• In this case, gaps between blocks are considered, and gaps are also allowed in the block to make the search more flexible.
slide14

Analysis of G protein coupled receptors (GPCRs)

  • GPCRs are a very large group of proteins found in species from bacteria to mammals.

Have a very diverse spectrum of biological functions;

In vertebrates, PCRs have under gone lineage specific expansions through gene duplications, e.g., the human genome encodes more than 800 GPCR genes.

50% of marked drugs are targeted to GPCRs;

Generate a revenue of $16 billion.

http://www.aderis.com/img/art_gprotein.gif

  • GPCRs carry out their functions by converting a extracellular signal to an intracellular signal.
  • A GPCR protein binds a signal molecule in the membrane domain or extracellular domain, and binds a specific G-protein via its intracellular domain.
slide15

Classification of GPCRs

  • Phylogenetic analysis suggests that GPCR can be divided into three super-families (classes):
  • Rhodopsin-like
  • Secretin-like
  • Metabotropic glutamate receptor-like

Nature Reviews Drug Discovery1; 599-608 (2002); doi:10.1038/nrd872

slide16

Diversity of the sequences of different GPCR classes

  • The sequence similarity between different GPCR super-families can be very low, e.g., bacterial rhodopsin and bovine rhodopsin share only16% sequence identity.
slide17

The diversity of sequences of different GPCR classes

  • Although all GPCR classes possess a 7 transmembrane domain architecture, their 3-D structures could be quite different.
  • Therefore, it is still contentious whether all the extant GPCR are evolved from the same ancestor, or are arisen independently.

bacteriorhodopsin

bovine rhodopsin

slide18

Sequence similarity of members of the same GPCR class

  • On the other hand, GPCRs in the same super-family may have very similar sequences, because they are arisen through recent linage-specific gene expansions.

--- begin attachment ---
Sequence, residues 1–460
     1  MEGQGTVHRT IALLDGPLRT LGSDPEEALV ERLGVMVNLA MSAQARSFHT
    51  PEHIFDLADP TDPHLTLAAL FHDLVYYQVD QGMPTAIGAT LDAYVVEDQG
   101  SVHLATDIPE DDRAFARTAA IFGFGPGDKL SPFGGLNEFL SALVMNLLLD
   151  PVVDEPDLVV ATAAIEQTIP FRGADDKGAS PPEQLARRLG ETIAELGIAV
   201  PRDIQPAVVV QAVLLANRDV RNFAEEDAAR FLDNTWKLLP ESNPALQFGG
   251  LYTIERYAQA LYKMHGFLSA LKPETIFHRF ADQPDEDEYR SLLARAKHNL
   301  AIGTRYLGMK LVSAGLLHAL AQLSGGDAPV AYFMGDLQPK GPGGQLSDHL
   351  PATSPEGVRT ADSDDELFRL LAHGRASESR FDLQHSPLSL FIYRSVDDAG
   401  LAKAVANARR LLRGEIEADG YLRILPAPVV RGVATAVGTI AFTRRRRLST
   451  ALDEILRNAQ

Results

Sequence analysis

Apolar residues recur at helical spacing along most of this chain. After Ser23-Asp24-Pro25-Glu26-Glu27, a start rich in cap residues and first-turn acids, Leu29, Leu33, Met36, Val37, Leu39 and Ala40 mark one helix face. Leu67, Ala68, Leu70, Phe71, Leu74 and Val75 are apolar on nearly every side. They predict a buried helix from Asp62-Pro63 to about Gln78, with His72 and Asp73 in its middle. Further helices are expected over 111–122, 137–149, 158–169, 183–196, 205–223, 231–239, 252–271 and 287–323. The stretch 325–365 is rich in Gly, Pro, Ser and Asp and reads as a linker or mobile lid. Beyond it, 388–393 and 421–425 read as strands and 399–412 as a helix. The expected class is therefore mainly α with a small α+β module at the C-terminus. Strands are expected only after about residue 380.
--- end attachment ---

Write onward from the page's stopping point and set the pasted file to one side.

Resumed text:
• Because of their very similar sequences, it can be very challenging to predict their functions (orthologous relationship) by pairwise sequence similarity comparison.

Example: two families of GPCRs, rhodopsins and opsins, control the light sensation of animals.

A rhodopsin binds a chromophore (retinal, a vitamin A derivative), and responsible for vision in dim light.

Different opsins bind a different chromophores, and sense Red, Green and Blue lights, respectively.

Rhodopsins and opsins share 40% sequence similarity on average. However, opsins may have 98% sequence similarity.

slide19

Similarity of members of the same GPCR class

  • Pairwise sequence comparisons of rhodopsin and opsins can be misleading.

Green opsins of chick and goldfish are more similar to rhodopins,

Blue and purple opsins in gecko and chameleon are more similar to rhodopins

Canonical green and red opsins

slide20

Similarity of members of the same GPCR class

  • BLAST fails to predict the function of urotensin II receptor. According the BLAST results, we might predict it as a somatostain or a galanin receptor.
slide21

Using motifs, fingerprints and domain signatures can help predict the function of a GPCR

  • Using the InterPro database for functional annotation.

The result of a search of InterPro with the human vasopressin 1A receptor sequence (VIAR_HUMAN)

  • RINTS fingerprints PR00896 and PR00752 give the most specific annotations.
slide22

Using motifs, fingerprints and domain signatures can help predict the function of a GPCR

  • The PRINTS fingerprint of urotensin family can identify the human urotensin receptor as a member, but that of the somatostatin family cannot.
slide23

Analysis of G protein coupled receptors (GPCRs)

  • In generally, signatures shared at different hierarchical levels of the super/family predicts functions with different specificity.

Sub-family signature

Family signature

7 TM

Super-family signature